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Forgive me in advanced if this is a trivial question.

This convention makes perfect sense to me intuitively, but is there any rigorous underpinning to it?

I'm beginning to read through an abstract algebra textbook, and soon after establishing what a ring is, it all of the sudden added to both sides of the equation to prove a(0)=(0)a=0. It seemed a little premature to me.

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It comes down to what the equals sign means. It means, as @MaliceVidrine says, that the two things mentioned on either side of the equation are the same thing. If you do something to the left side, you have presumably changed it. If you don't do the same thing to the right side, you are now asserting that two different things are the same, and you have told a lie.

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If $ a = b $ in a set $ S $ and $ f: S \to T $ is a function, then $ f (a)=f (b) $ (this is the definition of a function). Doing the same thing to both sides of an equation in, say, a ring, is a special case of this. (e.g. there is a set function $ R \to R $ given by $r \mapsto r + 3$ and adding 3 to both sides of an equation is applying this function.

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  • $\begingroup$ When we apply a function to both sides of an equation, we usually want that function have an inverse. $\endgroup$ – D Wiggles Dec 6 '13 at 21:07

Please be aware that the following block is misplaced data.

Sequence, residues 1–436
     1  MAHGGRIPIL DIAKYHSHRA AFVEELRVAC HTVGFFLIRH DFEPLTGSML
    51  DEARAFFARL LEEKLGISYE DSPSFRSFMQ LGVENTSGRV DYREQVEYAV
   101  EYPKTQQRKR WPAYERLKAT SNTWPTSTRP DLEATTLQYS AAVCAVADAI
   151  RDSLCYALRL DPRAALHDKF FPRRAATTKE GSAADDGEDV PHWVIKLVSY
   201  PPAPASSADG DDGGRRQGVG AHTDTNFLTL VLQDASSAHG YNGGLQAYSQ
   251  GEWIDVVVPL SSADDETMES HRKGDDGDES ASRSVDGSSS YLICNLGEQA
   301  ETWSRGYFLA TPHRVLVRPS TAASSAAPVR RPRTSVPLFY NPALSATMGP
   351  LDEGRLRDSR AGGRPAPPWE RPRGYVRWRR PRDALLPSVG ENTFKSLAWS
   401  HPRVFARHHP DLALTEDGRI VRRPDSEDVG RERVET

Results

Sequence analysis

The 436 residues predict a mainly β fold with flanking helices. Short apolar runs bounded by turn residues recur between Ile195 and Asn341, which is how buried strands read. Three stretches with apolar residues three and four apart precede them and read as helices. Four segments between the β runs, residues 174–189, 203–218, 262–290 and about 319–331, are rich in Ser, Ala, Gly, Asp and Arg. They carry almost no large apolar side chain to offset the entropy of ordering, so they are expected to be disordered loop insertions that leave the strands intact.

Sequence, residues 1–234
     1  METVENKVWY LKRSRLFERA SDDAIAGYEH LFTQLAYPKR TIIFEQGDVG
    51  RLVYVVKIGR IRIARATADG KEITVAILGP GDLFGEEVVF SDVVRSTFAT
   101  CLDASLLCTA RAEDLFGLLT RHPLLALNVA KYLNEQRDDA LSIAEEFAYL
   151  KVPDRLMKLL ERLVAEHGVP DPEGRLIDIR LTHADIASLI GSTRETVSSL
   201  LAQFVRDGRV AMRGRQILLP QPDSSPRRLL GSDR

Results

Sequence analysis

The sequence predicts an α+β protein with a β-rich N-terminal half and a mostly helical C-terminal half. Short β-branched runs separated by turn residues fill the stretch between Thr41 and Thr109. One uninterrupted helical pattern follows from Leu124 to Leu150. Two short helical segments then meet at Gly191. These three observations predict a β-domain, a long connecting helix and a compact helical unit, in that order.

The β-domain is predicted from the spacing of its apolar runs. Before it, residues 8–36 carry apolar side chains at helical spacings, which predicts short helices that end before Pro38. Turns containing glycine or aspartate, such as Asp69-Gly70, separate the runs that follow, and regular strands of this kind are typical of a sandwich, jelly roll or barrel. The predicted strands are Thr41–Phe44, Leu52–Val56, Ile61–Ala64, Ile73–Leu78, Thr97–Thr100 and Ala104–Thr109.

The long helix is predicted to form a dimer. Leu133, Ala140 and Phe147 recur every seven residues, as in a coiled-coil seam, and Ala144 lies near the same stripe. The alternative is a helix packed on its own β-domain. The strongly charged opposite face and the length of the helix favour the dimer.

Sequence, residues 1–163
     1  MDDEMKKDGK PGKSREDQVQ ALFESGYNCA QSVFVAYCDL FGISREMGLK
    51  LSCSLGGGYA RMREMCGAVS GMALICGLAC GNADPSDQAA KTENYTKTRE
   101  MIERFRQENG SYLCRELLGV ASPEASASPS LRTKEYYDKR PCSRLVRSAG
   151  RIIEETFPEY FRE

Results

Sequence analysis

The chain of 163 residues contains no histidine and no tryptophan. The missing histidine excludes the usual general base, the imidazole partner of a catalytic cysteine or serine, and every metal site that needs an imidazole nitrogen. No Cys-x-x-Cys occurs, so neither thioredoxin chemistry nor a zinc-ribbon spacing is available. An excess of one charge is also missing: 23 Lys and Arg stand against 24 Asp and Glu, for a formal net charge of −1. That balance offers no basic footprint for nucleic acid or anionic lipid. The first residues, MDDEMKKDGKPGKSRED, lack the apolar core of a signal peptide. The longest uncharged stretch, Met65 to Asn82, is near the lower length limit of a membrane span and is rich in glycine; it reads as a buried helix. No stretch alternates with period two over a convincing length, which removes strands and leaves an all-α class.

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This may sound a little daft, but I seldom see this issue explained in what I think is the simplest way: you have to apply any operation to both sides of an equation because it's the same entity being referred to on both sides. For some anonymous function $f$ and $x,y$ such that $x=y$, to apply $f$ to $x$ and not to $y$ is to apply $f$ to $x$ and also not apply $f$ to $x$ (since $x=y$).

You can, in practice, actually end up with $f(x)=y\wedge x=y$, but what this means is that $f(x)=x$ (that is, $x$ is a fixed point of $f$). If we were able to pass from an equality to a one-sided application of a function as a general rule, we would be accepting as a general principle that every point is a fixed point of every function.

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Consider addition as a function in two variables, like $f(x,y) := x+y$. If you have an identity such as $x_1 = x_2$ then you have $f(x_1, y) = f(x_2, y)$, because basically you insert the same arguments into the function. So if you do this, then you still have the equality $x_1+y = x_2+y$ (by definition of f). By the same reasoning, you can of course replace $y$ by $y_1$ and $y_2$ and you can justify the equivalent statement for other operations such as ring multiplication.

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